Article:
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Pete Buttigieg Becomes the Latest Democrat to Enter 2020 Presidential Elections

Buttigieg would be America's first openly gay president. His husband, Chasten, has also won over many American voters

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presidential run
South Bend Mayor Pete Buttigieg announces that he will seek the Democratic presidential nomination during a rally, Sunday, April 14, 2019, in South Bend, Ind. VOA

Kathleen Struck, Esha Sarai contributed to this report.

Pete Buttigieg, the mayor of South Bend, Indiana, has become the latest Democrat to formally enter the crowded field of presidential candidates seeking to unseat Donald Trump in the 2020 election.

The 37-year-old, who announced a presidential exploratory committee in January, made it official at a rally in South Bend on Sunday.

The Harvard and Oxford graduate and Afghanistan war veteran has gone from being virtually unknown on the national political landscape to surging in recent polls, placing third behind behind former Vice President Joe Biden and Vermont Senator Bernie Sanders.

presidential run
Democratic 2020 U.S. presidential candidate Pete Buttigieg greets voters during a campaign stop at Portsmouth Gas Light, in Portsmouth, New Hampshire, March 8, 2019. VOA
The son of an immigrant from Malta, Buttigieg attended Harvard College around the same time as Facebook founder Mark Zuckerberg. He received a prestigious Rhodes Scholarship to Oxford University, spent seven months in Afghanistan in the U.S. Navy Reserves as an intelligence analyst and driver and worked as a consultant for McKinsey & Company. Reportedly he speaks seven languages, some of them fluently, including Spanish and Norwegian.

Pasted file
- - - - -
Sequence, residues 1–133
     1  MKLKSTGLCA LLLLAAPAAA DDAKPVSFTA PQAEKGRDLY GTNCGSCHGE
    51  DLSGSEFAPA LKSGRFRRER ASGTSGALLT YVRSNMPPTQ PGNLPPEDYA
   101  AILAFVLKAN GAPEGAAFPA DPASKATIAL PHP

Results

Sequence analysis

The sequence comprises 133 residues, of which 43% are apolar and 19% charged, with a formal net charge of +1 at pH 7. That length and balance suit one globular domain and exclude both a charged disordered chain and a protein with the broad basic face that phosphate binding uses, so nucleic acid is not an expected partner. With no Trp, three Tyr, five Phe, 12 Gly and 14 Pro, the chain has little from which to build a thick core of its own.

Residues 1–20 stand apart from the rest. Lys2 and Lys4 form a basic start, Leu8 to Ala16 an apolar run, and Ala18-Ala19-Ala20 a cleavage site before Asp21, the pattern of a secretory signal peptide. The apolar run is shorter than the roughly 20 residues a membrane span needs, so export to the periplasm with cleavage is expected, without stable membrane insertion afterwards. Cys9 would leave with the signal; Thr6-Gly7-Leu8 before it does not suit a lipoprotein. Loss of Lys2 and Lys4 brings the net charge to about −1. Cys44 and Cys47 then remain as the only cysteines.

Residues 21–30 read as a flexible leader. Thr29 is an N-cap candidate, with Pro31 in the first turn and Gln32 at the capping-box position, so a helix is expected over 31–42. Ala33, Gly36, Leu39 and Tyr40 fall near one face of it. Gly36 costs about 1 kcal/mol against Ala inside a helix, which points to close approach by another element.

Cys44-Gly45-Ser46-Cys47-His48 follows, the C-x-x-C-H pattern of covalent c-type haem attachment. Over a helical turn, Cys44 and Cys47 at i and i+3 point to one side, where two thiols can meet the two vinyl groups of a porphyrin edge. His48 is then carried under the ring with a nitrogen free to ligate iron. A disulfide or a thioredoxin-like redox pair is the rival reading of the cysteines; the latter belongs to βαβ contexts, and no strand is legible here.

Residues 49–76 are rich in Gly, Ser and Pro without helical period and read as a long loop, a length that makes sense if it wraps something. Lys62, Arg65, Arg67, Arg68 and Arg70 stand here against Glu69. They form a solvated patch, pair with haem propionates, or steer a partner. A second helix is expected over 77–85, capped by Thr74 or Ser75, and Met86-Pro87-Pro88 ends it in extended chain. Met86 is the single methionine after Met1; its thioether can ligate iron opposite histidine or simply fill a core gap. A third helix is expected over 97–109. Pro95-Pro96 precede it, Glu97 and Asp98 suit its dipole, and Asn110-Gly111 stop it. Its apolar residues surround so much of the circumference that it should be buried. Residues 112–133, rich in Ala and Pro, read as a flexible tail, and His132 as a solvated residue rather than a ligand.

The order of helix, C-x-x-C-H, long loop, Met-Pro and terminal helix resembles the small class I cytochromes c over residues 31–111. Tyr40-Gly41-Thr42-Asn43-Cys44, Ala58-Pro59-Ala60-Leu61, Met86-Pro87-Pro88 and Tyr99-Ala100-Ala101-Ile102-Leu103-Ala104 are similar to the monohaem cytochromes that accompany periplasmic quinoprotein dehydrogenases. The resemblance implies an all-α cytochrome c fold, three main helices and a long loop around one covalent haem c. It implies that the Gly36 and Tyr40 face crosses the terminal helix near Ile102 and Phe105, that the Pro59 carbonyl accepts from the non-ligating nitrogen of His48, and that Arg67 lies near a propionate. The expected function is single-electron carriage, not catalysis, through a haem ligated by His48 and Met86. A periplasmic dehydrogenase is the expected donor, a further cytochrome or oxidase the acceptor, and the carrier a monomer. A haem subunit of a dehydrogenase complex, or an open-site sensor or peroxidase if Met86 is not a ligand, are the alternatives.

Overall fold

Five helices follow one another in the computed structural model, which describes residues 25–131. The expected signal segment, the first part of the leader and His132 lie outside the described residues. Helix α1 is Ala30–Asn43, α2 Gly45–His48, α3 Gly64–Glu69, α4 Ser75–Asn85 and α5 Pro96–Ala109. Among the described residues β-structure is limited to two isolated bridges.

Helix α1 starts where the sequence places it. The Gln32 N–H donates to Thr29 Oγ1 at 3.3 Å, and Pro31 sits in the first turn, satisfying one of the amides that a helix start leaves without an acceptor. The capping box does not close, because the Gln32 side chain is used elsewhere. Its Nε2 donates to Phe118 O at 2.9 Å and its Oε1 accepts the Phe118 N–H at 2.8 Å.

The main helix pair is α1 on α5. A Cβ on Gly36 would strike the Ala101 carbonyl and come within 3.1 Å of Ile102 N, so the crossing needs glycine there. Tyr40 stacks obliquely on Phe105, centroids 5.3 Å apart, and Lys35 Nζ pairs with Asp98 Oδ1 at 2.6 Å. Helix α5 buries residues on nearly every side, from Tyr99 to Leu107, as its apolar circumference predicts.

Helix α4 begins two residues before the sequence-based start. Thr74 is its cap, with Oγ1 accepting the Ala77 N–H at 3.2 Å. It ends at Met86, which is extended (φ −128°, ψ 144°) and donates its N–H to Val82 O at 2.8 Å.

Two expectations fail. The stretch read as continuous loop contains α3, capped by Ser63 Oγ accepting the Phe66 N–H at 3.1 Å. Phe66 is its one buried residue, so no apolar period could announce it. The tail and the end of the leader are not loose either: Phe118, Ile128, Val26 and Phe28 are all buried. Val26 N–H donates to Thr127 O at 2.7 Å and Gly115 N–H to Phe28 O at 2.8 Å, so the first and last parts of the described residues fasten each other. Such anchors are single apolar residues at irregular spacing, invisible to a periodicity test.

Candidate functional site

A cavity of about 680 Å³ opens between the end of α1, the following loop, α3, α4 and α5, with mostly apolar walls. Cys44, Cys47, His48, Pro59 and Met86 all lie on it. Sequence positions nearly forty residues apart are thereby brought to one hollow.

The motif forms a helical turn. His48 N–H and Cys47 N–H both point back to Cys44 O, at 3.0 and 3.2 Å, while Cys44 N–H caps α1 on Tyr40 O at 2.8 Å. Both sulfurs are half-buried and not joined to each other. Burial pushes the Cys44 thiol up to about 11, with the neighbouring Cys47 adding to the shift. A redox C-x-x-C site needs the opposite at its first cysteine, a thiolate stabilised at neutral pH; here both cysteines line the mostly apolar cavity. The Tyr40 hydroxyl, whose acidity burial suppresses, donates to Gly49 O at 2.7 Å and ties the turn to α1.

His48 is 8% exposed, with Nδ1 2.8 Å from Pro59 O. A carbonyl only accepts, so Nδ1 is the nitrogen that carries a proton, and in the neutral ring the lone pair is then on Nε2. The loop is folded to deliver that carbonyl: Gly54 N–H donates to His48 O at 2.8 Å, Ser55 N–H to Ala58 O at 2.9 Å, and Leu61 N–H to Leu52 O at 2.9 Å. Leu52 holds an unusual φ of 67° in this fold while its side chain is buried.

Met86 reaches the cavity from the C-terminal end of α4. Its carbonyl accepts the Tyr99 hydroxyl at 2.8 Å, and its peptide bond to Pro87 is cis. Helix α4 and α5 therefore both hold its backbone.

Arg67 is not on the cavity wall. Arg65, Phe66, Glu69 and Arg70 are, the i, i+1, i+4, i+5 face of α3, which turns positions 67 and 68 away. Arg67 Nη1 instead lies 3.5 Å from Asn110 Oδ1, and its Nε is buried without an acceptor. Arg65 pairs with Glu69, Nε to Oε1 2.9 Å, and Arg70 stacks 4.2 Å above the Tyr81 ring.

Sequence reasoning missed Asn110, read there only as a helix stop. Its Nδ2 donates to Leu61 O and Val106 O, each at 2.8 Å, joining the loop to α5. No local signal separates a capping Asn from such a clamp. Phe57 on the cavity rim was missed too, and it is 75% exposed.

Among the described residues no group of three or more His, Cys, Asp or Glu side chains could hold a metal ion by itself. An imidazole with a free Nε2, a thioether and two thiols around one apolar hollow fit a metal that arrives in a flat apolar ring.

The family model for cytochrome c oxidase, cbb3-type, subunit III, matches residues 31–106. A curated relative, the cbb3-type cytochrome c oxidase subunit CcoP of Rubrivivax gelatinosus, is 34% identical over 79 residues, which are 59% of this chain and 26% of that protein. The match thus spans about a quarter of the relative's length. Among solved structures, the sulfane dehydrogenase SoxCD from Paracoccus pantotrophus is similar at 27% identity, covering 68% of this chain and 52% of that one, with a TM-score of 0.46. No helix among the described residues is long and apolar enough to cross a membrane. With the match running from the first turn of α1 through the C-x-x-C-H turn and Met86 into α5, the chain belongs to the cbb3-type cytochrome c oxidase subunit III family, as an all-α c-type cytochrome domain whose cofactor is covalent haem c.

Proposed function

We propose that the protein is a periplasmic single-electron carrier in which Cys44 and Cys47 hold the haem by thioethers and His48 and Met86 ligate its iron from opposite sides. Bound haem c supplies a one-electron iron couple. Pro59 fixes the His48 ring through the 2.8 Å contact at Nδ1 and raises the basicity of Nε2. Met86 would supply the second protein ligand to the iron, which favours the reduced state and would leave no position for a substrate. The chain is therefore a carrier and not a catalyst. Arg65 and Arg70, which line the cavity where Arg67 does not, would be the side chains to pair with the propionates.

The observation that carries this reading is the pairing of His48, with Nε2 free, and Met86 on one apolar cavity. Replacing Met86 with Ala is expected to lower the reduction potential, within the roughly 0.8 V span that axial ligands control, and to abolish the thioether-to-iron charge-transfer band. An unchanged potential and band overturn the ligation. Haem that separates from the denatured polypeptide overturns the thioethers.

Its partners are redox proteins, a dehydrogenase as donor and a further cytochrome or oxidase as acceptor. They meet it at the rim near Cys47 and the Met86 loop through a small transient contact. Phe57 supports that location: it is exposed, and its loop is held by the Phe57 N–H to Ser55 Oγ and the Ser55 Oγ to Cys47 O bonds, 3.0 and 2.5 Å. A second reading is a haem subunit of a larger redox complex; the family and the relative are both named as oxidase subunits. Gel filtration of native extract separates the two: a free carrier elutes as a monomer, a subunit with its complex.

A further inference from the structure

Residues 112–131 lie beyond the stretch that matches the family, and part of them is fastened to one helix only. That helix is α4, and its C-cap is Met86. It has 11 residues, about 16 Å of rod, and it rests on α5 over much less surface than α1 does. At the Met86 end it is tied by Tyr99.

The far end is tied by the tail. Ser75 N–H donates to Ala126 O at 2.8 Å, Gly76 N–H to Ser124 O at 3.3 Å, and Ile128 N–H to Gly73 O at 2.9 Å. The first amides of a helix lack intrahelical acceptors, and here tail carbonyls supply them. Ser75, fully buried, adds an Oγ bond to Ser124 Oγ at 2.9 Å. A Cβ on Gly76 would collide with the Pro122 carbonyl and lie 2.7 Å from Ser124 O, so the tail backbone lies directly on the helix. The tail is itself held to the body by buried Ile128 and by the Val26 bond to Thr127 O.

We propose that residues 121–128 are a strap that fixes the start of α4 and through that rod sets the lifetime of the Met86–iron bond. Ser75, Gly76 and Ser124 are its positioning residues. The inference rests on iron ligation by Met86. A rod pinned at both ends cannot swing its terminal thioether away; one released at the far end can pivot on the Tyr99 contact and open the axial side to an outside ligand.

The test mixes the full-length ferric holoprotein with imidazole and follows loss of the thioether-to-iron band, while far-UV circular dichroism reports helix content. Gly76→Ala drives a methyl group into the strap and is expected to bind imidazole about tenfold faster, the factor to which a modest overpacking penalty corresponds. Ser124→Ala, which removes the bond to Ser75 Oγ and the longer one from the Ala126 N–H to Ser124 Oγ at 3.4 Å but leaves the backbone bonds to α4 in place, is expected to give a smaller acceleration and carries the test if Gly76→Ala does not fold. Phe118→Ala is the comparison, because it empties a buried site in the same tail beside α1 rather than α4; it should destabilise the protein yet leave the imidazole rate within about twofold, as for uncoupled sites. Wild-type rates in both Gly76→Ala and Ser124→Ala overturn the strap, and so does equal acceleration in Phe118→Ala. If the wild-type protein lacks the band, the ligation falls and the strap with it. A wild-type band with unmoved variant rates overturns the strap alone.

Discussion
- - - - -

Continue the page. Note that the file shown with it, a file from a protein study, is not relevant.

And in 2011, he was elected mayor of his hometown, South Bend, population 100,000.

Buttigieg would be America’s first openly gay president. His husband, Chasten, has also won over many American voters.

“As for my husband, you know I’m pretty biased, because I love him, but it’s pretty great to see that the rest of America is falling in love with him too,” Buttigieg said at a recent appearance in New Hampshire.

presidential run
Mayor Pete Buttigieg talks with an AP reporter at his office in South Bend, Ind., Thursday, Jan. 10, 2019. VOA
 The South Bend mayor has raised more than $7 million so far and assured himself a spot in the Democratic presidential debates that begin in June. Analysts say it remains to be seen if Buttigieg can maintain his recent momentum.
ALSO READ: Indiana Mayor Pete Buttigieg is Gushing in the Democratic Presidential Elections

“Sometimes candidates have a few weeks or few months of stardom and then another ‘it candidate’ replaces them,” Leah Askarinam, a reporter and political analyst for Inside Elections, told VOA. “So I think we know he’s viable. I don’t think we know at this point that he’s going to be a star in the field.”

At least 18 Democrats are in the run to become the party’s nominee to face off against President Donald Trump in next year’s election. (VOA)

Next Story

Social Media Giant Facebook to Bring New Tools to Protect 2020 US Elections

Facebook also announced an initial investment of $2 million to support projects that empower people to determine what to read and share - both on Facebook and elsewhere

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Fake, News, WhatsApp, Facebook, India
The Facebook mobile app on an Android smartphone. Wikimedia Commons